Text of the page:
May 26, 2022

We knew the Mojo Vision’s road to market would be a long and well thought out one, since we saw an early prototype in Las Vegas a few CES ago. When you’re trying to create something new and small, designed to be worn on one of the most vulnerable parts of the human anatomy, you can multiply all the talk about the rigidity of the equipment.

The San Francisco-based company today announced a new prototype of its augmented reality contact lens technology. The system is based on what Mojo calls “invisible computing,” a head-up display technology that outputs information to a lens. Basically, it’s an attempt to embody the technology you’ve seen in every sci-fi movie in the last 40+ years. The installation also includes an updated version of the startup’s operating system designed to reduce users’ dependence on the screen – in a sense – by moving the screen in front of their eyes.

The system produces a MicroLED display measuring roughly 0.5 millimeters with a surprisingly dense 14,000 pixels per inch. Text overlays are highlighted by micro-optics, and data is sent back and forth in the 5GHz band. All of this runs on an ARM Core M0 processor. On board is an eye tracking system that uses acceleration, gyroscope and magnetometer readings to determine the wearer’s gaze speed. This, in turn, forms the basis for a hands-free operation of the system.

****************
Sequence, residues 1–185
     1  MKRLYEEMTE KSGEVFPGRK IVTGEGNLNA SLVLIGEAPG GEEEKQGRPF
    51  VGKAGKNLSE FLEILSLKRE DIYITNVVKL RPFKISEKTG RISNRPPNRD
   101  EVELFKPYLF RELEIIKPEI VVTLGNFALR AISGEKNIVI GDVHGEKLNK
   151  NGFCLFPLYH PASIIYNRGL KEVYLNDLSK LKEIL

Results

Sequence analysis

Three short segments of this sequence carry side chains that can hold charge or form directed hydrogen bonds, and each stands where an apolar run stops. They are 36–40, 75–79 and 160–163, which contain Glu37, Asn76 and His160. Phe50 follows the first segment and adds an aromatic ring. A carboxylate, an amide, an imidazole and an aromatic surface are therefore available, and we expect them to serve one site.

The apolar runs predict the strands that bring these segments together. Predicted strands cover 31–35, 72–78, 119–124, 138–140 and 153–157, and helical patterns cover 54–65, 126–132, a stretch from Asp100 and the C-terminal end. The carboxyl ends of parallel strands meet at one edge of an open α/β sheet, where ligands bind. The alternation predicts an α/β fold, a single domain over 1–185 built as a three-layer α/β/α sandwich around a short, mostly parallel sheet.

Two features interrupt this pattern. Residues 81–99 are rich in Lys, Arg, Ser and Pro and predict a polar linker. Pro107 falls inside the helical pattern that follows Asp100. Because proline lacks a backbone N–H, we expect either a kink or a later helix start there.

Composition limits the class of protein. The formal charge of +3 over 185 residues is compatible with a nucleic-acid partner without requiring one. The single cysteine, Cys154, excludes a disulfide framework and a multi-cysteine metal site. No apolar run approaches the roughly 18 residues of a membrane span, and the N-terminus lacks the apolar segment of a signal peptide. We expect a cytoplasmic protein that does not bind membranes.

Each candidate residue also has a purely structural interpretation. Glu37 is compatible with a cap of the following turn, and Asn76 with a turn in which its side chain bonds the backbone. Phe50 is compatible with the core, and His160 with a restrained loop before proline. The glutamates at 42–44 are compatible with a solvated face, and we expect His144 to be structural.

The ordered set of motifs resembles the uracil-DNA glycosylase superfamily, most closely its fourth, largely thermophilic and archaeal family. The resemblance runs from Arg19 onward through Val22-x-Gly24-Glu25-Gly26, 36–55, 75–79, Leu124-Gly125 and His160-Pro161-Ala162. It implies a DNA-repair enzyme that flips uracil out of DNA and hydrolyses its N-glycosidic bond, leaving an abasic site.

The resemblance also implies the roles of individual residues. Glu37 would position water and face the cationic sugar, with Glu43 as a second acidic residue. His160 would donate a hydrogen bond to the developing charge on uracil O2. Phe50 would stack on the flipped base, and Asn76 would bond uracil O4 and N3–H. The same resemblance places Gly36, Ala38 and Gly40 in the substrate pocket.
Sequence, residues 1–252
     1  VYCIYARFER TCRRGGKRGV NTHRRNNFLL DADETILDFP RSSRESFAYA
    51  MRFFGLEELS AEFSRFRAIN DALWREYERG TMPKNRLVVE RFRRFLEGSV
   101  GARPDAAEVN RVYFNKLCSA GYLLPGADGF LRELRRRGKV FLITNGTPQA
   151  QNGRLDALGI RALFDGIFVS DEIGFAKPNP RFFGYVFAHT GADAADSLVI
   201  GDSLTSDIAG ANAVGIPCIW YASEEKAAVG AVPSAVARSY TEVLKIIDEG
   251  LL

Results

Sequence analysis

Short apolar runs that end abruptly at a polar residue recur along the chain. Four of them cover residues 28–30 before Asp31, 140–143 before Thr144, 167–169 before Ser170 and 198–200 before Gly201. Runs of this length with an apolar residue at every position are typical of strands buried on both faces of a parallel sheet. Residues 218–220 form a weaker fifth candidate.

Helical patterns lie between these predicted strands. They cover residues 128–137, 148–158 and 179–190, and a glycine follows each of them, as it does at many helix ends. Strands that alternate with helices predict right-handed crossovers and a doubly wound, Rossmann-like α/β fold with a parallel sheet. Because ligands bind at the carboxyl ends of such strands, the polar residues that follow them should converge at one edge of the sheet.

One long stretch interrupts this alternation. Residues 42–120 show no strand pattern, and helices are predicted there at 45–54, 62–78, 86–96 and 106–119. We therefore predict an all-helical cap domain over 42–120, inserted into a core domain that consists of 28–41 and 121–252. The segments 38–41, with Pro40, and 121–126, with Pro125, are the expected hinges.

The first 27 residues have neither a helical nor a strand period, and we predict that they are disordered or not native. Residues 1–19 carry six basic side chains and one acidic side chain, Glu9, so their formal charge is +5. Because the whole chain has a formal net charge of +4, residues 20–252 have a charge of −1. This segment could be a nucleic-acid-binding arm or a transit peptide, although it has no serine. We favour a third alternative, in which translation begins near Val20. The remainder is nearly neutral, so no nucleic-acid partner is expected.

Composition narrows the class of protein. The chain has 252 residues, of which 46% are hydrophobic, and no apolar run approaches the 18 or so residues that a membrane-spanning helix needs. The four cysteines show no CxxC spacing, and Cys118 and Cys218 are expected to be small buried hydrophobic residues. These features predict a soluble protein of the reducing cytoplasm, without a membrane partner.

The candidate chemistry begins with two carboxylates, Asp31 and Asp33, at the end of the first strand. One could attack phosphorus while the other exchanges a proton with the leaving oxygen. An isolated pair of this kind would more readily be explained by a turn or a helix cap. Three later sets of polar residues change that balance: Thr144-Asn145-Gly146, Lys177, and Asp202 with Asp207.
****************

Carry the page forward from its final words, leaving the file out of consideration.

The company writes:

Since we first introduced MOJO lenses to the world in January 2020, we have created new and integrated systems that many thought could not be built, only in the form of contact lenses. More often than not, when we share this latest prototype, we say, “I knew there would be smart contact lenses, but I thought they were 10 or 20 years old, not now.” It’s happening and I’m excited about our next milestone and delivering on the promise of invisible computing.

Of course, it’s still in the prototype stage, so “right now” is not exactly what you need. The company continues to work with the FDA to bring the technology to market through its Breakthrough Devices program. The company also announced previous partnerships with fitness brands such as Adidas Running to develop training apps for the technology.

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